Morgan Stewart shares his expertise on auction bridging finance on the latest Mortgage and Protection Podcast.
What is auction bridging finance and how does it work?
It’s designed to provide you with finance to buy a property at auction, as usually auction properties have a very short completion time.
When your bid is successful at a property auction, you legally exchange contracts for that property on the fall of the hammer. You need to pay your 10% deposit immediately, and then you have 28 days to complete the purchase of the property. You would never get a traditional mortgage through in this time. Not only that, but often the property is in a bit of a state and will need some TLC.
Who can get auction bridging finance?
Anybody can get auction finance. It might be someone looking to buy a property as their main residence; someone looking to add to their portfolio or somebody looking to flip a property on for profit.
What are the key features of auction finance?
The main benefit of auction finance is speed. You need to work with a lender who can complete within 28 days including any legal work. It’s really important to have a good team of solicitors behind you who can work quickly and efficiently – and that understands bridging.
You will be asked a lot of questions from the bridging lender that you’re not usually asked in a normal conveyancing process. Because of that, most conveyancing solicitors I’ve met are not equipped to deal with auction purchases.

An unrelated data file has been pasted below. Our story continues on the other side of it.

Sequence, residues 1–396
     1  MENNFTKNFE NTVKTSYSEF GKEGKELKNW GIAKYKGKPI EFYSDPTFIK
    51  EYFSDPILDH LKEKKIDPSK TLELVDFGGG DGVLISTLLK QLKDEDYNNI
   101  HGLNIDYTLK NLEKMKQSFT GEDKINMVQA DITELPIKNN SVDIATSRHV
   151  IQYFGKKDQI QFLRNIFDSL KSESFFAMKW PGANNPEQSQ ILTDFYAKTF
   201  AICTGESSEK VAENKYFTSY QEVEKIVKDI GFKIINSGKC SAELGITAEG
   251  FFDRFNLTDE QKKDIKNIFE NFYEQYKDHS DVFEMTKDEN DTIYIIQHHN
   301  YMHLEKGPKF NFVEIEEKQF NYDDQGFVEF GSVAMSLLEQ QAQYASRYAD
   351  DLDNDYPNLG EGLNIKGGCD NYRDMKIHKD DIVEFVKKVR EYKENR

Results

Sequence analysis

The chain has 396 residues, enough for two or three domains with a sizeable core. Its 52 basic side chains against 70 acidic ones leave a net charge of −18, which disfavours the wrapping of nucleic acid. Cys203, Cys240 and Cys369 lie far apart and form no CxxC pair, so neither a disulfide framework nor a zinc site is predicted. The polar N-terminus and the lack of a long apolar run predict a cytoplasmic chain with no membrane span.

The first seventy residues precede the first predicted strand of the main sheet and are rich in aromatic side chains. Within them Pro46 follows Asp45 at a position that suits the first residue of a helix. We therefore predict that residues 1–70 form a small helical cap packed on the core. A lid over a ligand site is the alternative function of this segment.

You also need to remember that you’ve exchanged contracts at auction on the fall of the hammer. So it’s crucial that you read that legal pack before you set foot in the auction room. We’ve all seen it on Homes Under the Hammer: there’s usually a reason that property’s in an auction. Either there are problems with the property itself or there are challenges with a legal title.
How do you apply for auction bridging finance?
You can go and find a bridging lender yourself, but I would highly recommend that you talk to a professional broker like ourselves. We understand the timeframes, we understand auction purchases and we can get things done speedily. Plus, not every lender will be able to complete within 28 days.
Some will want to get a valuer to see the property. You need to get signed off as being credit worthy by the lender and you need to do the legal work as well.
We generally use lenders that will indemnify the local authority searches for an auction purchase, because you never know how long those searches are going to take. If you go over that 28 day time frame you will be penalised – you can lose your 10% deposit and be sued by the vendor for any losses.
What fees are involved in buying a property at auction?
Generally there’s a 2% arrangement fee. With bridging finance, interest is paid monthly, from around 0.6% to 1% per month depending on the lender. You’ll have legal fees as well which could reach a couple of thousand pounds depending on the value of the purchase.
You will also need to pay for a survey, the costs of which are usually pegged to the purchase price of the property. On a standard purchase about £200,000, you’ll probably be looking at about £650 for a survey and around £1,200 on legal fees.
The standard Loan to Value for an auction bridging purchase is 75%, but we can get 100% in finance if you have additional security, such as another property in the background that has a low mortgage or is unencumbered.
That of course means there are two properties that need to be surveyed and to have conveyancing work done, so you will need to allow for additional fees.